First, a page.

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On Monday, I went into work for a video meeting, got my monitor, other supplies and then headed home. I stopped by school to pick up a packet of work for William and we began our time at home, together.

To further explain some of these drastic measures.

This virus is extremely contagious and has a 2% mortality rate, officials are worried terrified if we don’t take these measures and slow the rate down that people interact with one another and therefore, spread this virus, that too many people will get sick all at the same time and we won’t have enough medical staff, beds, or equipment to take care of people. This exact scenario is happening in Italy, Spain and other European countries. Medical officials are literally having to choose who lives and who dies. It is terrible. Medical and government officials are trying to prevent that from happening here. The challenge is, everyone has an opinion. Many of these people are credentialed or at least sound like it and it is really hard to decipher what is going on. You can find a credentialed person to support whatever you want, which makes it challenging to know what the right thing to do is.

Stay tuned for our weekly survival update.

Love,

Mama

 

Day to Day

Turning point

Dear Kiddos,

I think we are rounding a turning point in these little kid years. By no mean are we out of them with the multiple tantrums that Kate throws down on the regular. But, for several weeks I’ve noticed how much more independent you all are and what that unlocks for me.

For a long time, I didn’t feel capable of getting anything more than grocery shopping and laundry accomplished on a weekend. I may have picked up a little bit, but rarely did I actually clean something or even get the laundry put away. I was kept so busy feeding you kids, changing diapers, making sure you weren’t getting into things or just picking up everything you had spewed throughout the house. Although I was always busy and rarely sat down–it never looked like I had accomplished much. And I was tired. all. the. time.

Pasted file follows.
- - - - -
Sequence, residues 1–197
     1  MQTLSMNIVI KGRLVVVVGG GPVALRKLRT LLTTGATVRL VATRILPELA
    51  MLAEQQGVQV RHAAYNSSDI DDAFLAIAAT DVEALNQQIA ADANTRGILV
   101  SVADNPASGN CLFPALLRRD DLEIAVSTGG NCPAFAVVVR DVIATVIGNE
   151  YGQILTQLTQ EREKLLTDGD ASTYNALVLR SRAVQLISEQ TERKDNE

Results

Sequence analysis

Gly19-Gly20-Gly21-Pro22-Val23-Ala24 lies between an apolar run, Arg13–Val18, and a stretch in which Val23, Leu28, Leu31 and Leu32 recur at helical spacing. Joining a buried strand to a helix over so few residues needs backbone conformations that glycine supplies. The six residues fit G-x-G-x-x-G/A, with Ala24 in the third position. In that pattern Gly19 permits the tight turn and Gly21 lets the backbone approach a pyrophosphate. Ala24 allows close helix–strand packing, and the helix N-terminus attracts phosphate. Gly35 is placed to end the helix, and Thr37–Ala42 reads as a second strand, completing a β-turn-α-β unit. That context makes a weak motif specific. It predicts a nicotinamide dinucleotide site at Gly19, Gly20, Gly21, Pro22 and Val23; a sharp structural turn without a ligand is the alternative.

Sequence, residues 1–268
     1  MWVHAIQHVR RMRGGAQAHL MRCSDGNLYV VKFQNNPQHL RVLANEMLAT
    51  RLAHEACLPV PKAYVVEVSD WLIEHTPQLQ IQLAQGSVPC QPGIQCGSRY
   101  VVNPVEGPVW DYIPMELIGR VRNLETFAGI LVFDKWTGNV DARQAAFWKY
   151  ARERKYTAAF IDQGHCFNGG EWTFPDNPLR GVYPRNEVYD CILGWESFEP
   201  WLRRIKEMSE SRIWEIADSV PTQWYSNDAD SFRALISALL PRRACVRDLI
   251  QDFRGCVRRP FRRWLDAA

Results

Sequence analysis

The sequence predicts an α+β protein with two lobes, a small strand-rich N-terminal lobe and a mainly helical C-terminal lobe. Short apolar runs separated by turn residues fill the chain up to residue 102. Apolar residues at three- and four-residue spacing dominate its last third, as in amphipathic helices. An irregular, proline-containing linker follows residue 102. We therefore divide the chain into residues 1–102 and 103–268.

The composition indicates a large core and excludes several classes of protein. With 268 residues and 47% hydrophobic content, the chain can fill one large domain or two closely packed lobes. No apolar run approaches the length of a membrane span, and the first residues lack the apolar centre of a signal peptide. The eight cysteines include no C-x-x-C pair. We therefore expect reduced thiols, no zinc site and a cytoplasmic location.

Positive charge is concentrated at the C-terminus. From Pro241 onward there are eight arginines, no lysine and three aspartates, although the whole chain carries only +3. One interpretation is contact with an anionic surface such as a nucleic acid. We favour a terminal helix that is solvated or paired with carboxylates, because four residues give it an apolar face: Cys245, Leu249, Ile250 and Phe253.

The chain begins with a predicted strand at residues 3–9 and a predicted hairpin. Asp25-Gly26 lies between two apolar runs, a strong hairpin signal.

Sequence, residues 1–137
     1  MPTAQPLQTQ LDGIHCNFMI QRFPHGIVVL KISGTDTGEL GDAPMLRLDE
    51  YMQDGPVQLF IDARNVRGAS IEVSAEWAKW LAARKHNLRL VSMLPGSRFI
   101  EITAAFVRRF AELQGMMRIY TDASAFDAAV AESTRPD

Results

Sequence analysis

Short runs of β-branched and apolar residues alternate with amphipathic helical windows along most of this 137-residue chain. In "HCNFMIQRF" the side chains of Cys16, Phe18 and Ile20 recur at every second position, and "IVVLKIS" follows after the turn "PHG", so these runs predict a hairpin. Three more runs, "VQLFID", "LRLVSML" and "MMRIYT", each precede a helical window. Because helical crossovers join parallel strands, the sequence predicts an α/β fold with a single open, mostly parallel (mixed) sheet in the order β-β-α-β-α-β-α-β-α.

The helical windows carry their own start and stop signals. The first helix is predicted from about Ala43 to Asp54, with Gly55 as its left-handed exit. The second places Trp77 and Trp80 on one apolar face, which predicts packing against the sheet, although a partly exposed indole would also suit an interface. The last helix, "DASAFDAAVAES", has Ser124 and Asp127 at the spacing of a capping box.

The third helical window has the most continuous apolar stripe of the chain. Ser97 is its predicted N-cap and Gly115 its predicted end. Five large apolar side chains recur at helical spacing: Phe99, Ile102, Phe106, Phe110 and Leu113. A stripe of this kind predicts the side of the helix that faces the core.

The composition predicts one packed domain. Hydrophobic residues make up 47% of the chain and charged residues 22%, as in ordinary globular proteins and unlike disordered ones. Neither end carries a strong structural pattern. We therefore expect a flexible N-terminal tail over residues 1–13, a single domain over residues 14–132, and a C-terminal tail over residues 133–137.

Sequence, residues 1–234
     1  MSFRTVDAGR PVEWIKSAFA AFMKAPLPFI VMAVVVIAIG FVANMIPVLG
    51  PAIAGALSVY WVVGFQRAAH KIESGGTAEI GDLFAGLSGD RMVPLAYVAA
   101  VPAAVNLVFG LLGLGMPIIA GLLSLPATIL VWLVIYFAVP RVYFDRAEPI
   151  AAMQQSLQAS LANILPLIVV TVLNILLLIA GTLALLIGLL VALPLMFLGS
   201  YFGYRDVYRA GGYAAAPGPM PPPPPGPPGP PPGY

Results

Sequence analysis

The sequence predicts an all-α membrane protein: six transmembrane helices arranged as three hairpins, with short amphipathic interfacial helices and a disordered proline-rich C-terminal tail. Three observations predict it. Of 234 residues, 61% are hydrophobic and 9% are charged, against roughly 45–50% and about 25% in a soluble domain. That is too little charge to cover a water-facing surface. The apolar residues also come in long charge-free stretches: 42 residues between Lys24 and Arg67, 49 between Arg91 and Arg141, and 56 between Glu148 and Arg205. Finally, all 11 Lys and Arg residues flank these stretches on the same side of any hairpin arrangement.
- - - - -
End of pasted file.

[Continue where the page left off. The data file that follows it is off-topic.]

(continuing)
However, over the last few weeks, I’ve noticed a change. Not only can I get the laundry washed, you will help sort it and put it away in closets. I can easily get to the grocery store and often get to go by myself, which is such a treat. I have actually showered several times before you go to bed, which is amazing. Today, I cleaned two bathrooms, made two meals, got snacks prepped for the week, went on a walk with Kate, gave all three of you kids baths and chatted with the neighbors while you played outside. There was one day that I even painted my nails while you were awake.

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I tell you, truly life-shattering moments over here. But, after years of dedicating nearly every waking hour I am at home with you, to you, it is really refreshing and exciting to see a light at the end of the tunnel. To see that I will be capable of accomplishing the ‘must do’ chores faster and allow myself a little more time to do things that I’ve put on the back burner for far too long like reading a book or watching a TV show or spending a little more time here writing to each of you.

Cheers to the future.

Love,

Mama

 

William

William’s First Day of Pre-K Preschool

Dear Oats,

As we were getting ready to drop you off this morning, I expected tears, nervous and you to be very clingy to my legs. You shocked us and were confident, at ease and seemed like you had done this many times. You found your locker, put your backpack in and had to remind you to give us a hug goodbye–you just went straight in and started to find some toys to play with.

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You switched schools this year from Bright Beginnings to St. Vincent’s. You are there all day–so from 7:30 – 1:30, the same time that Lexi is there, which makes it one less drop off and pick up for Daddy. Originally, we had signed you up to just go Tuesday and Thursday but felt that you could really benefit from another day of exposure to really help you learn your letters, numbers and exposure to more social elements with kids. Since you are there all day, you eat breakfast, lunch and take a little nap too.